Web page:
By Brayden Anstee
According to Seta Kabranian-Melkonian (2015), a researcher at the University of Alaska, the number of refugees and internally displaced people is continually rising all across the world. In Syria alone, the United Nations Office for the Coordination of Humanitarian Affairs estimates that the refugee crisis there entails 12.2 million people in need of humanitarian assistance. Although Syria is not the only area with an increasing number of displaced persons, the actions of terrorist faction ISIS in that region have made it one of the most active areas in terms of violence against innocents. With this influx of people desperately in need of assistance, many countries particularly in the European Union (EU) have taken on the onus of assisting the millions of people displaced by this conflict.
Or have they? Many citizens in the European Union are deeply divided on whether or not accepting refugees is a meritorious use of state resources. Leaders of nations are equally as divided (Investor’s Business Daily, 2015), and in particular, Hungary has refused to acquiesce to the EU’s plans for compulsory migrant quotas on the ideologically driven position that multiculturalism has been a failed experiment in Western Europe, and this has been coupled with the vague notion that “Christian Europe” is now under serious threat (Freeman, 2015). It is not surprising to learn that millions of people in need of humanitarian assistance identify as Muslim, and religious ideological differences seem to be a key point of serious contention in the refugee debate not only in Europe, but also in North America. For instance, nationalistic fervor has erupted in the United States, with panic ensuing that refugees have the potential to, and are motivated to, “…change the way of American life” (Fausset, 2015). Of course, post-9/11, the rhetoric of Islam threatening the championed concept of ‘American life’ has been strikingly pervasive.
It is this particular global issue that has, in my view, necessitated a closer examination of the philosophy of cosmopolitanism. Put simply, according to Martha Nussbaum (1994) this view stresses that we are all first and foremost citizens of the world, not merely of our particular nation-state, and that we are all equally worthy of a particularly high degree of respect and consideration. In her article, Nussbaum cautioned against the potential for patriotic nationalism, now deeply ingrained in many citizens of Western nations, to become ‘politics of difference’; in other words, she posited that nationalist sentiments could potentially lead to the outright rejection of the humanity of those who do not live in a particular nation-state. The truth of this warning is perhaps nowhere better evidenced than in nations with a strong anti-refugee stance. Pondering on the Fausset article, just what is the “way of American life”? Ostensibly, it is a way of life that emphasizes a particular set of local values and privileges the holders of such values above others in the human community.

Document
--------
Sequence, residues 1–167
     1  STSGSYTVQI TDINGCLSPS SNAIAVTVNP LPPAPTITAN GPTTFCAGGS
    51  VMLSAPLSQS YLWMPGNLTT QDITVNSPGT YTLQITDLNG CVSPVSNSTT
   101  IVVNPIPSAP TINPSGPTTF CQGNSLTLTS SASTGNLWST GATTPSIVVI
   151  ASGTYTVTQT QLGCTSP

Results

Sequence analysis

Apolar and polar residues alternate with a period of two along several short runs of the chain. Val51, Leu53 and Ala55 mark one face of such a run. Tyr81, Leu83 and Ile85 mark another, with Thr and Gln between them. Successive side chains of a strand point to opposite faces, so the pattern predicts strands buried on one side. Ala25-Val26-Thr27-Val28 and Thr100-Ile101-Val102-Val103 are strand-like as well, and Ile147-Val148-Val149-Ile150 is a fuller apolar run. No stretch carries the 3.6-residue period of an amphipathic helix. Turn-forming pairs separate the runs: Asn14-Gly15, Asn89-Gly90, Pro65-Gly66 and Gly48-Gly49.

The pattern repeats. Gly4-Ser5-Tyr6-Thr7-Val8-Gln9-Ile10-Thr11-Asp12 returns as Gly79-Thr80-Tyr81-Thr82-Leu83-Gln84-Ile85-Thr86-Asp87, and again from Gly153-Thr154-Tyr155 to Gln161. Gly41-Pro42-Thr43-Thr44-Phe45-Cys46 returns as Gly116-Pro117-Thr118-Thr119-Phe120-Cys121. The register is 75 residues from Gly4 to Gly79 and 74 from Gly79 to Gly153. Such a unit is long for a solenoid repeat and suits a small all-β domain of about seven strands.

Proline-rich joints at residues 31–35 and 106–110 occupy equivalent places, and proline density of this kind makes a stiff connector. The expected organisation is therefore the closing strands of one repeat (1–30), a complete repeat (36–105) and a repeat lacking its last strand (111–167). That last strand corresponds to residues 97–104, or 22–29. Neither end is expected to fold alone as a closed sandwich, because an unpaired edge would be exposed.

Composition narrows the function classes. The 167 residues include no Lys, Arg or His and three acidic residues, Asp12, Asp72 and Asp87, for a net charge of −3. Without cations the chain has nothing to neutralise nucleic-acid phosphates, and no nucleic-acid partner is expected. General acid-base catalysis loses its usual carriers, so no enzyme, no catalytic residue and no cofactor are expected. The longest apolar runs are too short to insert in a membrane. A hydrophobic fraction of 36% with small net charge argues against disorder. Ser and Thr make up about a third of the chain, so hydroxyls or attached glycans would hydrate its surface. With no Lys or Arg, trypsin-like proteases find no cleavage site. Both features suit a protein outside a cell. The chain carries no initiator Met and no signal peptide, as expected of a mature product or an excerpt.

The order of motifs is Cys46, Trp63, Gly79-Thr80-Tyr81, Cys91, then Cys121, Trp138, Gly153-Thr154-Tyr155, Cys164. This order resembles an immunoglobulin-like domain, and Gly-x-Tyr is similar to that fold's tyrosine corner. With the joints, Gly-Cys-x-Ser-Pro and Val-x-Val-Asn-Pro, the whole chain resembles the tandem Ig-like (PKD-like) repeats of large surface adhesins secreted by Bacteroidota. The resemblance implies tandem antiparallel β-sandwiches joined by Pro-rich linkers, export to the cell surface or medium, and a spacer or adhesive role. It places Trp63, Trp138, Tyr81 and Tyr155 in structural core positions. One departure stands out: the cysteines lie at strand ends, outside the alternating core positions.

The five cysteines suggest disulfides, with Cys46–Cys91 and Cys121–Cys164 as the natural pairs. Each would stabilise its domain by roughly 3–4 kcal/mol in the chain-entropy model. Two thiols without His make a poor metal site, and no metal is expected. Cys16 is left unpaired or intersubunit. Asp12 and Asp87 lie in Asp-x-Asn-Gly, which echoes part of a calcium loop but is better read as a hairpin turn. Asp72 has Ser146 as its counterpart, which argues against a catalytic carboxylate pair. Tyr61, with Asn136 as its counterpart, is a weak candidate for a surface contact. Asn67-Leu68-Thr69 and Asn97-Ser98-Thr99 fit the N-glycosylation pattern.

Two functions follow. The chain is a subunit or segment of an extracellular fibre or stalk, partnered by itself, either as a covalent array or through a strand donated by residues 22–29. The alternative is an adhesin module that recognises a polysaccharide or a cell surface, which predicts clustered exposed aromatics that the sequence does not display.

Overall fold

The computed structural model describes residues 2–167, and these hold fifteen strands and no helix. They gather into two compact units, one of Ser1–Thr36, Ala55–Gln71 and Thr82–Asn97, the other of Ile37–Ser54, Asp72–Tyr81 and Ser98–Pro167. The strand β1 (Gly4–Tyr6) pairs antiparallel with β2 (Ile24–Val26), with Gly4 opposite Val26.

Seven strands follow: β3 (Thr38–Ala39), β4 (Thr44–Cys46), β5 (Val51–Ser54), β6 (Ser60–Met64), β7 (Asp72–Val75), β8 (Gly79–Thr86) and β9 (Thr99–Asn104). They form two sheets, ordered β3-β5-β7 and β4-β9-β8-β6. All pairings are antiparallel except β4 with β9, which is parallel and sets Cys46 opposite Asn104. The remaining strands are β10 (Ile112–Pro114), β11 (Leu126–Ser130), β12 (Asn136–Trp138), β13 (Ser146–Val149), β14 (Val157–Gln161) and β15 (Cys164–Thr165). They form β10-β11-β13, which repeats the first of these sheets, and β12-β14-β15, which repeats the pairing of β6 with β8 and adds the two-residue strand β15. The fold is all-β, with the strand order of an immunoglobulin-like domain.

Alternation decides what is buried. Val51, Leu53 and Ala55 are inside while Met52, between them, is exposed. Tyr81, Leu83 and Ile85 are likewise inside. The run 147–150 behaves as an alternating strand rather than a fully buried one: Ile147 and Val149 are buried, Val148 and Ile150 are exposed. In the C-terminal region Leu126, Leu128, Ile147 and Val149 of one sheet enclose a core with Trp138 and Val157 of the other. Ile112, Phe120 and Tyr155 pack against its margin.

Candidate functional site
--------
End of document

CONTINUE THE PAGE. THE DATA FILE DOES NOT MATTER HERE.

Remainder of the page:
I have not focused on specific developing countries, but my observations above are as equally applicable in the context of Africa. At a recent conference in Toronto on nationalism and development in Africa, the noted Congolese scholar Georges Nzongola-Ntalaja issued a passionate plea for a cosmopolitan approach to the world’s ongoing refugee crisis. Among other things, Dr. Nzongola-Ntalaja believes very strongly that all states should welcome political and economic refugees with open arms (and residency permits).
In my view, the cosmopolitan viewpoint is becoming progressively relevant and important in a world that is characterized by what Manfred Steger (2003) termed ‘globality’. The refugee crisis is merely one instance of the increasing necessity to view others on earth as equally worthy of our respect and consideration as those in our own country. As it stands, there are many people worldwide that direly require our compassion and assistance. Their very lives depend on it. And it is only by embracing the sort of morality that does not privilege one life above another, the sort of morality that more or less equally values every member of the human community, that they can be protected in their time of need. Nationalism and ethnocentrism of the sort that exist now preclude the alleviation of the horrible injustices facing so many of our fellow human beings at this very moment.
Fausset, R. (2015, September 25). Refugee crisis in Syria raises fears in South Carolina. The New York Times. Retrieved from http://www.nytimes.com.
Freeman, C. (2015, September 26). Hungary to EU: migrant quotas will repeat Western Europe’s ‘failed’ attempts at multiculturalism. The Telegraph. Retrieved from http://www.telegraph.co.uk.
Investor’s Business Daily (2015, September 24). Europe still split on migrants. Investors Business Daily.
Kabranian-Melkonian, S. (2015). Ethical concerns with refugee research. Journal of Human Behavior in the Social Environment, 25(7), 714-722. doi:10.1080/10911359.2015.1032634
Nussbaum, M. (1994). Patriotism and cosmopolitanism. Boston Review, XIX (5), 3-16.
Steger, M. (2003). Globalization: A very short introduction. Oxford: Oxford University Press.
United Nations Office for the Coordination of Humanitarian Affairs (2015). Syrian Arab Republic. Retrieved from http://www.unocha.org/syria.